By now, most people have either seen or heard about the young girl who broke down crying because she was so sick of hearing about the presidential election. Indeed, if we track social media responses we find that many adults agree with the youngster and they are sick of hearing from and about both President Obama and Mitt Romney. Many of these reactions are due to the negative and false statements that seem inherent in modern political campaigns.
There are organizations, the Center for Responsive Politics to name one, that try to keep politicians honest by fact checking statements and publicizing the results. It seems that the states have also developed a method—a legal method—to achieve the same end. The Wall Street Journal Blog today reports that several states have criminal laws that sanction false campaign speech—at least false speech waged at your opponent. Prosecutions are rare. Still, it does beg a free speech question. Last term in US v. Alvarez (No. 11-210) the Supreme Court determined that the Stolen Valor Act was unconstitutional. Essentially, lying about winning a military award, even if you do so to gain office, is protected speech.
Rick Hasen, the Wall Street Journal Blog reports, makes the argument that Alvarez likely voids state laws regarding false campaign speech. And I agree that it is likely that Alvarez along with the available more narrow remedies for libel and slander make the laws unconstitutional. But there is another precedent that also leads to the same result and certainly does so in conjunction with Alvarez. In Republican Party of Minnesota v. White (563 US 756 (2002)), the Supreme Court held that Minnesota’s “announce clause” was an unconstitutional burden on the speech and prohibited speech based upon its content. Minnesota tried to level the playing field for incumbent judges and their opposition. Since the judges were restricted in terms of discussing issues or announcing position due to the canon of judicial conduct, challengers would face the same restrictions. The state’s interest in impartiality was not sufficient to withstand strict scrutiny.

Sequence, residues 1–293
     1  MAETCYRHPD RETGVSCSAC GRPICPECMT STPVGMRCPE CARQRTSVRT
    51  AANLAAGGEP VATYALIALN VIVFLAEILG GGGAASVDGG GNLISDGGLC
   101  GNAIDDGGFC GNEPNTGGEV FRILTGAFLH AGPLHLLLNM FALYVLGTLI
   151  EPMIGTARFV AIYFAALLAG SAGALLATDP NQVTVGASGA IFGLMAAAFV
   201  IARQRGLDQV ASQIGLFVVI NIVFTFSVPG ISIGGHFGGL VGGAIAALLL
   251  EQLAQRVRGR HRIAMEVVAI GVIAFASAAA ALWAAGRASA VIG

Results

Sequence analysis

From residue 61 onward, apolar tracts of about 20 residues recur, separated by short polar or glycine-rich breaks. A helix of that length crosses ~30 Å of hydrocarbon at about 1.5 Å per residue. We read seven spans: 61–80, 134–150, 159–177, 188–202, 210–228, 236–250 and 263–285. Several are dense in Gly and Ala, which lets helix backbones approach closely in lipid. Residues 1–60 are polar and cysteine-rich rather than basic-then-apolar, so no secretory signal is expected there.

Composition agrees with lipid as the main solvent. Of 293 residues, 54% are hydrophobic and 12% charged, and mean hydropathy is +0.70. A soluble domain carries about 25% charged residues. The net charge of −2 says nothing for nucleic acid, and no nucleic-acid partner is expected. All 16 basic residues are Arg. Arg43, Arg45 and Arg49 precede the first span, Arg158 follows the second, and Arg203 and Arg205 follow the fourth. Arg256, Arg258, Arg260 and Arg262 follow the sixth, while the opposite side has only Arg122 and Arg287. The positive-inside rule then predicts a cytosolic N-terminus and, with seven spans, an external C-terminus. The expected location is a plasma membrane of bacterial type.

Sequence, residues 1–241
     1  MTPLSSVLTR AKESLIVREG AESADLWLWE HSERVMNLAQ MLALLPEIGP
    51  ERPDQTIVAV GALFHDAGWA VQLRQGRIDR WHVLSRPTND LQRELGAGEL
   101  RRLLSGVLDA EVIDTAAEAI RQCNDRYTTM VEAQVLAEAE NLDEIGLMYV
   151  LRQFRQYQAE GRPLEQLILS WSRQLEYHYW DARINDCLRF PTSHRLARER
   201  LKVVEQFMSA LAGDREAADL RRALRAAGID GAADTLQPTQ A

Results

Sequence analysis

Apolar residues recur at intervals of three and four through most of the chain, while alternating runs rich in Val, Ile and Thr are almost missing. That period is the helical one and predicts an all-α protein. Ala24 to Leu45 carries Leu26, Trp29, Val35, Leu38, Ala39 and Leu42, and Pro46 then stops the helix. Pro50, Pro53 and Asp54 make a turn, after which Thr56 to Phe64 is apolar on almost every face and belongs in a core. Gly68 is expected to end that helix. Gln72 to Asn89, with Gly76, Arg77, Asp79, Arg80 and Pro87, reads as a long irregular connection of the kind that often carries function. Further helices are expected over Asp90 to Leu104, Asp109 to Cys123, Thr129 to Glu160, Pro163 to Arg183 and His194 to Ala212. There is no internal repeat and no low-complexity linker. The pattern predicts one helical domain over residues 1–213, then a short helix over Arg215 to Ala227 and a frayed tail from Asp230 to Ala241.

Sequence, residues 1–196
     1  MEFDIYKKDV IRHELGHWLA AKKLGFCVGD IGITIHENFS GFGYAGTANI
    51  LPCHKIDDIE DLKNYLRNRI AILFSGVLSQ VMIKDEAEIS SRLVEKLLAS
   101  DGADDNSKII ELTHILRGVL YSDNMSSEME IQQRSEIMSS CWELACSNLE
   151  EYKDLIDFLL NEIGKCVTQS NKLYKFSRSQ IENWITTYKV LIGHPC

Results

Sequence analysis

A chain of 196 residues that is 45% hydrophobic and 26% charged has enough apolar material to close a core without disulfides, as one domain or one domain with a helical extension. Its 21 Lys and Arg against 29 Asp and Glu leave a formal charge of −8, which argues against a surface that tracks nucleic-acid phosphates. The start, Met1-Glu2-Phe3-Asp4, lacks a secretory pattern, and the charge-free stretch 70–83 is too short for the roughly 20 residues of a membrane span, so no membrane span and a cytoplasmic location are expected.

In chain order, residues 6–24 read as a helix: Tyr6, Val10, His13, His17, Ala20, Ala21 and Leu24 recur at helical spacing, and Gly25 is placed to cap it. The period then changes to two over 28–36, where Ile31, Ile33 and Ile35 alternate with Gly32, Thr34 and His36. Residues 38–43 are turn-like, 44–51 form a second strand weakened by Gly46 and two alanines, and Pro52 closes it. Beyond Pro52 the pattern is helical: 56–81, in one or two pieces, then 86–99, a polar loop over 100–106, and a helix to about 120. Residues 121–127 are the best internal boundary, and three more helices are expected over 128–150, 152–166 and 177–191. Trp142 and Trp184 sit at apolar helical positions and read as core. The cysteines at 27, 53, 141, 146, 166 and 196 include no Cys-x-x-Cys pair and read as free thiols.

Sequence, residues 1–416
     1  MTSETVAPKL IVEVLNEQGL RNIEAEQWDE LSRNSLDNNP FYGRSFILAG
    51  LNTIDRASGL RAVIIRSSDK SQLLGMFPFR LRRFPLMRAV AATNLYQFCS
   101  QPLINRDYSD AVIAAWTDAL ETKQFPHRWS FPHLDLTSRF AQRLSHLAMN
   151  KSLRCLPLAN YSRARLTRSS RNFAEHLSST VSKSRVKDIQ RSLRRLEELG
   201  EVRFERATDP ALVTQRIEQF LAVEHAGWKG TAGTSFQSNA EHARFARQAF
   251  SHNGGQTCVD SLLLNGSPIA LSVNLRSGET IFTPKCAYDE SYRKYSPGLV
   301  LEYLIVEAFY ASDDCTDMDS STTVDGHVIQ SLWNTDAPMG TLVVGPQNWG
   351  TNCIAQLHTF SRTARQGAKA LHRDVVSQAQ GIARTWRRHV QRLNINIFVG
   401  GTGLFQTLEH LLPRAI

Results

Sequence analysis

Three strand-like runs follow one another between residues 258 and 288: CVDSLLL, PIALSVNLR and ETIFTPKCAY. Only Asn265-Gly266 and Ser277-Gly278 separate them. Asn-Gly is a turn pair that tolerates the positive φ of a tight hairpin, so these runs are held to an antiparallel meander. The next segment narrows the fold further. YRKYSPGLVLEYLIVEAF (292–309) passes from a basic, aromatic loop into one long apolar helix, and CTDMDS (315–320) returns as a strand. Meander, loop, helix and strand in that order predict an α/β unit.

The false campaign speech laws are similar to the ‘announce clause’ from White. They criminalize speech based upon its content. In White, Scalia agreed with the Court of Appeals that the ban “burdens a category of speech that is “at the core of our First Amendment freedoms”—speech about the qualifications of candidates for public office.”
Combine the Republican Party of Minnesota v. White with US v. Alvarez and there seems to be a constitutional right to lie on the campaign trail about your own qualifications and your opponents. Perhaps we can blame the Supreme Court, at least partially, for Abigail’s tears and total toddler meltdown.
 http://blogs.wsj.com/law/2012/10/31/false-political-statements-often-illegal-but-rarely-punished/?mod=WSJBlog&utm_source=feedburner&utm_medium=feed&utm_campaign=Feed%3A+wsj%2Flaw%2Ffeed+%28WSJ.com%3A+Law+Blog%29&utm_content=Google+Feedfetcher last accessed on November 1, 2012.
 And this blogger is not going to belabor the obvious—that Citizens United and its progeny didn’t make Abigail’s life any better.